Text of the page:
It is legal, under certain conditions and for a maximum of half a year, to limit an employee’s right to enter a new job in the same trade or start up their own business in the same business area of the former employer.
According to the trade unions this practice has been growing to a worrying extent.
Akava, the Confederation of Unions for Professional and Managerial Staff conducted a survey among its members in 2017. Some 33 per cent from the 2 119 who replied had a non-compete clause in their employment contracts. Four per cent had a separate non-compete agreement.
Vesa Vuorenkoski, Head of Political Affairs at Akava told Yle this summer that this year some 60 – 65 per cent of new employment contracts for Akava members include non-compete clause.
This figure should be one per cent, he says. The non-competition agreements are supposed to be used in very special cases and cover only the top managers, not average specialists.
Akava is not alone on this issue. Even SAK, the Central Organisation of Finnish Trade Unions have reported cases where a non-compete clause is included in some workers’ employment contract.
Inka Douglas, a lawyer from the Finnish Confederation of Professionals STTK says that the use of non-compete clause has been on the increase and is being used without any grounds whatsoever. STTK is demanding a limit to the use of the clause.
What makes the situation especially difficult is that the new employees are required to agree to the clause when signing an employment contract. In this situation there is hardly any space for a balanced negotiation.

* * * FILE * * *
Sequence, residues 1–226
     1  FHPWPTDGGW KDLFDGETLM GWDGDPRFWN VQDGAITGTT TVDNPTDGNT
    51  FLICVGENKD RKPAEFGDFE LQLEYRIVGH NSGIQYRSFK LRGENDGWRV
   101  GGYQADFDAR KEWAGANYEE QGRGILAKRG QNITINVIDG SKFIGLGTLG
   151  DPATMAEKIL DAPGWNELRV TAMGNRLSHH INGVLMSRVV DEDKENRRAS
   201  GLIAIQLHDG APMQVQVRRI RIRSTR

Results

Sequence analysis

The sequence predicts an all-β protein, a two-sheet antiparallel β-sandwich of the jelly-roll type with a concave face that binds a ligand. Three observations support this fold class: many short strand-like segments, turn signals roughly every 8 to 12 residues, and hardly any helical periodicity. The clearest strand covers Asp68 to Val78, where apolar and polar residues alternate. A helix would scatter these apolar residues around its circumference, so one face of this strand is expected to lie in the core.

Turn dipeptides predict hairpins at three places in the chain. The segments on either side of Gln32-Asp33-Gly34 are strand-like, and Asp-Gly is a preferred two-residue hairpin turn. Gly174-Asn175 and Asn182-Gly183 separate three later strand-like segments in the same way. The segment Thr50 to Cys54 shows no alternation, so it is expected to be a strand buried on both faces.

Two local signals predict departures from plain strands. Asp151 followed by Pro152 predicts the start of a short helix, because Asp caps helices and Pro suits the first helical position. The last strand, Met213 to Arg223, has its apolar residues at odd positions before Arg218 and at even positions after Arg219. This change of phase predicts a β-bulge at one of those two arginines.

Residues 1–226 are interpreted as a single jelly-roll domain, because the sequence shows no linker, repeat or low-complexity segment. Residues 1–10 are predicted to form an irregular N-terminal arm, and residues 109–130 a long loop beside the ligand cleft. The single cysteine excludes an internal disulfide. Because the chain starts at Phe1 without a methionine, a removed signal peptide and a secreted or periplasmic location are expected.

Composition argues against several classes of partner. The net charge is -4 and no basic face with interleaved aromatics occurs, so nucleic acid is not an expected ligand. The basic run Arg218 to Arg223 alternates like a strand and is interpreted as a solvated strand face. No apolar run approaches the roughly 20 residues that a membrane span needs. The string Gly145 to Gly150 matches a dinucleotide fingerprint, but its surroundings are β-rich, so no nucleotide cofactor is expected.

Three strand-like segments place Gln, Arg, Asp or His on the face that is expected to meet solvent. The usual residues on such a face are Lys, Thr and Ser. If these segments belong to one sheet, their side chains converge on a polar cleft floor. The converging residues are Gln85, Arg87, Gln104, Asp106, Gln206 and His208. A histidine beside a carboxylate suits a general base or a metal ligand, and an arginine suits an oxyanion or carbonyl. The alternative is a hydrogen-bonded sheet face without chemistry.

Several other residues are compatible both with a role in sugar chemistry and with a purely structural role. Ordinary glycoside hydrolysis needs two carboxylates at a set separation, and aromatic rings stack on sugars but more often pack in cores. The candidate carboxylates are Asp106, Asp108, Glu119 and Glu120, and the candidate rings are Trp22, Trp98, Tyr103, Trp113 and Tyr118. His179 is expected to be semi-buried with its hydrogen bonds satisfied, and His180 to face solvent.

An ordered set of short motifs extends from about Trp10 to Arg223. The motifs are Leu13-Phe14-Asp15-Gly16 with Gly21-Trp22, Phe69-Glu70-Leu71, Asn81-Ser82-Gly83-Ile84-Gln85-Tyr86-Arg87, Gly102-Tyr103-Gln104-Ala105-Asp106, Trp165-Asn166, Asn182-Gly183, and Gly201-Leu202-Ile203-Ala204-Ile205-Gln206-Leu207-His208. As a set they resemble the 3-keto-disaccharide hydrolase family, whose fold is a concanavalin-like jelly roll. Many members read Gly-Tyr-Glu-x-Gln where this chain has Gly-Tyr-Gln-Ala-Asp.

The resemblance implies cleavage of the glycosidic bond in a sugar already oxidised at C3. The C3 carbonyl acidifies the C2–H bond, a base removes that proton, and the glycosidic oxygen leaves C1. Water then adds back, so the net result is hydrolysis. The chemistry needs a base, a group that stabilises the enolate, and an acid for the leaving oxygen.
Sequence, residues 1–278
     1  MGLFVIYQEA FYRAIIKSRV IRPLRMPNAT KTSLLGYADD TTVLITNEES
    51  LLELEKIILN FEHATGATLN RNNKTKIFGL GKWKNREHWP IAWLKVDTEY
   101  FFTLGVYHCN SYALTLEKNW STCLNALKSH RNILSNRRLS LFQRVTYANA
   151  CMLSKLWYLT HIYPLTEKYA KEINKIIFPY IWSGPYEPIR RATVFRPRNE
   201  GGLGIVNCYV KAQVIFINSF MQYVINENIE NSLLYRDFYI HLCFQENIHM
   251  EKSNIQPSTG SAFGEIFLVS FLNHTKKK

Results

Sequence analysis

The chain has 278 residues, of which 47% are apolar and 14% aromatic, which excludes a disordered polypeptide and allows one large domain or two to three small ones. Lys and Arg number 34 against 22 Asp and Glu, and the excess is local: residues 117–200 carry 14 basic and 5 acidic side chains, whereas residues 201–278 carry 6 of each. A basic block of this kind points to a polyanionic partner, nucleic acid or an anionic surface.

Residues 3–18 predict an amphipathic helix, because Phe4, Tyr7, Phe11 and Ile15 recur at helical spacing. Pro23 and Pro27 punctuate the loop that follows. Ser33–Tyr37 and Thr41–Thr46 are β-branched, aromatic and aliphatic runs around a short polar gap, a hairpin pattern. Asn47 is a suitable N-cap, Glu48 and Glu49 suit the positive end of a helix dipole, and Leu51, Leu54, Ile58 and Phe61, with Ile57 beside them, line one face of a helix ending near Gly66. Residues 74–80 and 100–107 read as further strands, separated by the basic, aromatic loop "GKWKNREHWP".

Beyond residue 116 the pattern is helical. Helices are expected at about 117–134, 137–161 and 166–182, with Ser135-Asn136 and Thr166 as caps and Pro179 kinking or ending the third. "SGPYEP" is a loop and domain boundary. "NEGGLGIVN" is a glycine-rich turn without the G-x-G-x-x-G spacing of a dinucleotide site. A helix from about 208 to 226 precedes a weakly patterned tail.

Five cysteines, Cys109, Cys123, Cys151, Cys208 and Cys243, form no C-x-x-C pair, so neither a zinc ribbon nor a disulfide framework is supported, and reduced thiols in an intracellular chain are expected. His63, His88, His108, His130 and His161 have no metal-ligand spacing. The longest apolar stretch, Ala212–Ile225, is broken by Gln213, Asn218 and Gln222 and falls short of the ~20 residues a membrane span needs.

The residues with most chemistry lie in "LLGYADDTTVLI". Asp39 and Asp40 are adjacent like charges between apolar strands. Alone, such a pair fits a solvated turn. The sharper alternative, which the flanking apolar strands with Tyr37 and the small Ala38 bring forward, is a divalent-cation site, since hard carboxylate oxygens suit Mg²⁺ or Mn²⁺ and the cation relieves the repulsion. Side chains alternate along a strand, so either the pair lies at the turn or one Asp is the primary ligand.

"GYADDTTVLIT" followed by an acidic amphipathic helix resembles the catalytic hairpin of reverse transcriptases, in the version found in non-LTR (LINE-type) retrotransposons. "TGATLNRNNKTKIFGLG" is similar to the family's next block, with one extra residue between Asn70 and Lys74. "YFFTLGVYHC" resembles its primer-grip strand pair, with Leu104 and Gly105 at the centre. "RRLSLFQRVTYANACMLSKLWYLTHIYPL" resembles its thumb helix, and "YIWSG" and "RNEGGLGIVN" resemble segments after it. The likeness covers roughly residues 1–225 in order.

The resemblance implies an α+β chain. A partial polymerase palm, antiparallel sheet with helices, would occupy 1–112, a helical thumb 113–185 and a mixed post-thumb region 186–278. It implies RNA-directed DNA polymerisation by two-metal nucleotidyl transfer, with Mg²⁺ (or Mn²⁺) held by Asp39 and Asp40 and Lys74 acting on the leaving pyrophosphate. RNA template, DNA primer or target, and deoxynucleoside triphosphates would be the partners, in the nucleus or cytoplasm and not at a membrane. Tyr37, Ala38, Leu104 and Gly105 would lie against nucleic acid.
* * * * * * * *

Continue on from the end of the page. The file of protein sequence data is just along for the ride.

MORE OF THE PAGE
The PM Antti Rinne Government has been hearing concerns from all involved. “The … prohibition of competing activities will be restricted by clarifying the legislation and enacting balanced provisions on sanctions for the use of prohibited terms and conditions”, according to the government programme.
What it will be in practise, is still unclear. A working group appointed by the Ministry of Economic Affairs and Employment last year published in August a report on the need to amend the rules concerning non-competition agreements.
The report clarifies the issue from legal and practical points of view. The working group member from the Confederation of Finnish Industries EK, however, saw the existing situation as more or less satisfactory. Problems should be resolved in the first place by better information.
The working group members from the three trade union confederations considered the practice as being very problematic and in need of legal reforms. They listed several problems which mostly deal with the totally unbalanced benefits of non-competitive agreements.
Vesa Vuorenkoski summarises the imbalance in his blog at Akava website. The existing law allows the employer to dictate such a non-compete clause to the detriment of the employee. In other words the employee gets the short end of the stick whereas the employer is awarded major benefits without any obligations.
If the non-competition agreement is for a period of no longer than six months, it costs the employer nothing, Vuorenkoski notes. But the employee must pay a fine if he or she breaks the agreement or in some cases must refrain from taking up a job in a similar or competing industry within six months.